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A global education

We explore how Global Action’s approach to school trips is engaging young people in learning about global issues, resulting in an empowered alumni of positive-thinking Global Citizens

When Global Action founders Mark and Katharine Giffard-Lindsay returned to the UK from working for international aid organisations in the Himalayas, they soon realised they wanted their children to develop a global outlook. ‘Global Action was born out of a strong desire to do something that would have a long-lasting positive impact on our children’s mindset and actions,’ explains Katharine. ‘All parents want their children to have a happy childhood, but not to grow up in a bubble. We want our children to be exposed to global issues, and appreciate the freedoms and choices many of us take for granted.’

Global Action takes school teams to fascinating places where they experience new cultures, and re-evaluate their place in the world. ‘Nepal, India, Costa Rica, Zanzibar, and Borneo offer so many global learning opportunities, we find they appeal across the curriculum – the Himalayas, tropical jungles or coral reefs? A focus on poverty reduction, conservation or social justice? Geneva is slightly different, in that it’s a city trip focussed on the work of UN agencies and international organisations. One of our students was inspired to study international law at Cambridge university after this trip.’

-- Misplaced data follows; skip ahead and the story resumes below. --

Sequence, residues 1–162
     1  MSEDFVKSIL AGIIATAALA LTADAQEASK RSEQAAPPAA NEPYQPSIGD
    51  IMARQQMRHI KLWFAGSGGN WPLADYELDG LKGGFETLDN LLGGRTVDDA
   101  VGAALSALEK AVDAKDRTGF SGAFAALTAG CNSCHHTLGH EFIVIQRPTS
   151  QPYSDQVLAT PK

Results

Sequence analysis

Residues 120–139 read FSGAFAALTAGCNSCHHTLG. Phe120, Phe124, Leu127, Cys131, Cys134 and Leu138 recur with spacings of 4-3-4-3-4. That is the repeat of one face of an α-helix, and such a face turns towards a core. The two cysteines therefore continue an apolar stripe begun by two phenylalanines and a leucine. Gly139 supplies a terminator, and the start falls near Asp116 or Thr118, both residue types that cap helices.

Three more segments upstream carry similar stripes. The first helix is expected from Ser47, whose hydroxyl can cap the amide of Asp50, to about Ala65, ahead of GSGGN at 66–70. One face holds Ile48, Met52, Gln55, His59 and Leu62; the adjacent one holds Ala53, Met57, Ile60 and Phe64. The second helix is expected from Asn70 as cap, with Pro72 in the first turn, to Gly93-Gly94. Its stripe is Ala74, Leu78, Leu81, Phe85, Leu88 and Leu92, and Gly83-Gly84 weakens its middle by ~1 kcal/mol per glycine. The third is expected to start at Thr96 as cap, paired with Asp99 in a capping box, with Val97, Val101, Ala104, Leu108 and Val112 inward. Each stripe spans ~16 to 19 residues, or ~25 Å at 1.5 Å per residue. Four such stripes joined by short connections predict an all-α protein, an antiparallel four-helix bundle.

Because both directors have worked in international development, Global Action has access to people working in international and local NGOs (charities) who are keen to share their experiences. As Mark highlights, ‘The aim is to inspire the next generation to think critically, globally and make a difference through their actions. But we want them to have fun too! They get to develop all those soft skills employers are looking for like teamwork, communication and problem solving, without realising they’re doing it. When you spend the morning with a women’s co-operative farming seaweed on a Zanzibari beach, or help rebuild a school destroyed in the Nepal earthquake, it gets you thinking differently. Also, it shows students how their actions, or local people’s projects, can make a real difference to improve quality of life. They come home with new ideas, as global citizens.’ That is global learning for positive change.

Case Study: Nepal

Niamh Reavill, Godolphin School

What was your most memorable experience?

The trip, as a whole, was full of many memories but my most memorable experience was being able to play a basketball game with the children at Tibetan School, Srongtsen. Although, as an all-girls team that had never played basketball before, we were rather poor, it was so much fun and ended up with our whole group on the court, whilst still managing to lose.

Which organisation inspired you the most?